MANILA, PHILIPPINES - ADB Board of Directors has approved a US$5 million grant to help Central and West Asia address the impacts of climate change on the region.
The assistance will be through policy and capacity development and supporting investments in climate change adaptation.
"Climate change is taking its toll on the region, with declining crop yields, retreat of glaciers, increased diseases and heat stress, and changes in ecosystem functions," says Mark Kunzer, Environment Specialist of ADB's Central and West Asia Department.
In the future, climate change is expected to impact on land and water resources, and consequently agriculture, leading to problems in water and food security, he says.
The region needs immediate investments to reduce risks from increased flooding, drought, dust storms, and other consequences of climate change. There are options available but certain barriers, limitations, and cost constraints need to be overcome.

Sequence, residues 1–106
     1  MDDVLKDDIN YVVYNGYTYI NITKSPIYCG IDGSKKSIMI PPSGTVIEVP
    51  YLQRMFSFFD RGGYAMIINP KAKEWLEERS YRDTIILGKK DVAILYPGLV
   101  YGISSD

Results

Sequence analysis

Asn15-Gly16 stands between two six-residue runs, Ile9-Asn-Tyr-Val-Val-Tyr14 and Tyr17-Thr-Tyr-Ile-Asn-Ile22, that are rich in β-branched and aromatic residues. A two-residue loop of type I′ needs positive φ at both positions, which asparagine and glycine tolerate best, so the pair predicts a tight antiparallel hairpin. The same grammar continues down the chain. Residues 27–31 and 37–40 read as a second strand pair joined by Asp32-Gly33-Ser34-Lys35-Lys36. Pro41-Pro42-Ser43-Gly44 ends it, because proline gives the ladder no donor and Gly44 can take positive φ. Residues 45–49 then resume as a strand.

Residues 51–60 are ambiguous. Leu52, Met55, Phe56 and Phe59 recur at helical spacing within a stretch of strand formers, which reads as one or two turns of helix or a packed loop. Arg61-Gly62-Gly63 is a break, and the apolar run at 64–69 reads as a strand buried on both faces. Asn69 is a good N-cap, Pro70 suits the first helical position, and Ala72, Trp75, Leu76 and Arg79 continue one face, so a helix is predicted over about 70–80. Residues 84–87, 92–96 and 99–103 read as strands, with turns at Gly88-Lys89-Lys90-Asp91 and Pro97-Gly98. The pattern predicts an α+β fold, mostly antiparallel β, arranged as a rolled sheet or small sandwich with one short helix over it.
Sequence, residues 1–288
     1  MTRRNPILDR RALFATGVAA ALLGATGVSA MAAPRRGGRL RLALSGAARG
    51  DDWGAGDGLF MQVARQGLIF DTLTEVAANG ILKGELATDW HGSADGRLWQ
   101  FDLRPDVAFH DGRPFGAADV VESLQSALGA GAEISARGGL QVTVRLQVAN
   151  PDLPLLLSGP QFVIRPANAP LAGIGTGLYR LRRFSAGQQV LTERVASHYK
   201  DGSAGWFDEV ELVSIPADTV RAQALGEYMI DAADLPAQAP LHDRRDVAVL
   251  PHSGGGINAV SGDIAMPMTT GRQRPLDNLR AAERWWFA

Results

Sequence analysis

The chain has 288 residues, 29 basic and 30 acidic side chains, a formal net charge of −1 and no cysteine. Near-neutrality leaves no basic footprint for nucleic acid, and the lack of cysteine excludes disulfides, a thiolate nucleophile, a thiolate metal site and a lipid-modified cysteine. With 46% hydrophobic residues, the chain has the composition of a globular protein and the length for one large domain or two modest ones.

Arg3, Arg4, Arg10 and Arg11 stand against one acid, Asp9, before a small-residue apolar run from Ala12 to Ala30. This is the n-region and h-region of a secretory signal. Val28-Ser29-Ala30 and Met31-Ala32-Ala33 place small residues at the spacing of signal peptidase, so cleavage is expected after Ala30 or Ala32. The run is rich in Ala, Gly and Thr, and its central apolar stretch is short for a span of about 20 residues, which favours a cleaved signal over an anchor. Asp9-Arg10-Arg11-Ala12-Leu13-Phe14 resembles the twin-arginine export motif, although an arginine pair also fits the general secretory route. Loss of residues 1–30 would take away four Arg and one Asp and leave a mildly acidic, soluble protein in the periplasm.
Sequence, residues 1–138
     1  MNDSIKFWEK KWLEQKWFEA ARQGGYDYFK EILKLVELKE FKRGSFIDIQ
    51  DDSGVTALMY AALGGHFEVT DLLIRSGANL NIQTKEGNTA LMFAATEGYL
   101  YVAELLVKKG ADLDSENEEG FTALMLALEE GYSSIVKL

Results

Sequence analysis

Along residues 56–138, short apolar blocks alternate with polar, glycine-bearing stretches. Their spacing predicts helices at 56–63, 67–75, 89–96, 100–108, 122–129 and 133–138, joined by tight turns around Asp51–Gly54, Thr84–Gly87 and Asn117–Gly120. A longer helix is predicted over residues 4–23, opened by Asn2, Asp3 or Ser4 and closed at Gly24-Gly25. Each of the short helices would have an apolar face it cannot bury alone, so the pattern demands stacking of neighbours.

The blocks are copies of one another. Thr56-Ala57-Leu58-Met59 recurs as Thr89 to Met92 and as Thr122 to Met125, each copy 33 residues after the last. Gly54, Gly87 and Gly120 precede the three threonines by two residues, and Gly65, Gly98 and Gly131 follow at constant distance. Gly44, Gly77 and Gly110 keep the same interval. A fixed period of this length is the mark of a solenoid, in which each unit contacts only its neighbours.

Most Central and West Asian countries are low greenhouse gas emitters but they are among the most carbon-intensive economies in the world.
The ADB-backed project hopes to promote low-carbon and inclusive economic growth by promoting investments in energy efficiency, fuel switching, industrial processes, renewable energy, improved waste management systems, and land restoration.
The project will also work towards promoting climate change policy dialogue and developing fully functional climate change institutions. At present, national climate change coordination councils, climate change coordination centers, and designated national authorities in Central and West Asia are not well developed and often rely on donor assistance.
ADB will source funding for the project from its technical assistance funding program. The balance of $500,000 needed to complete funding for the project will be provided by the governments of Armenia, Azerbaijan, Georgia, Kazakhstan, Kyrgyz Republic, Pakistan, Tajikistan and Uzbekistan.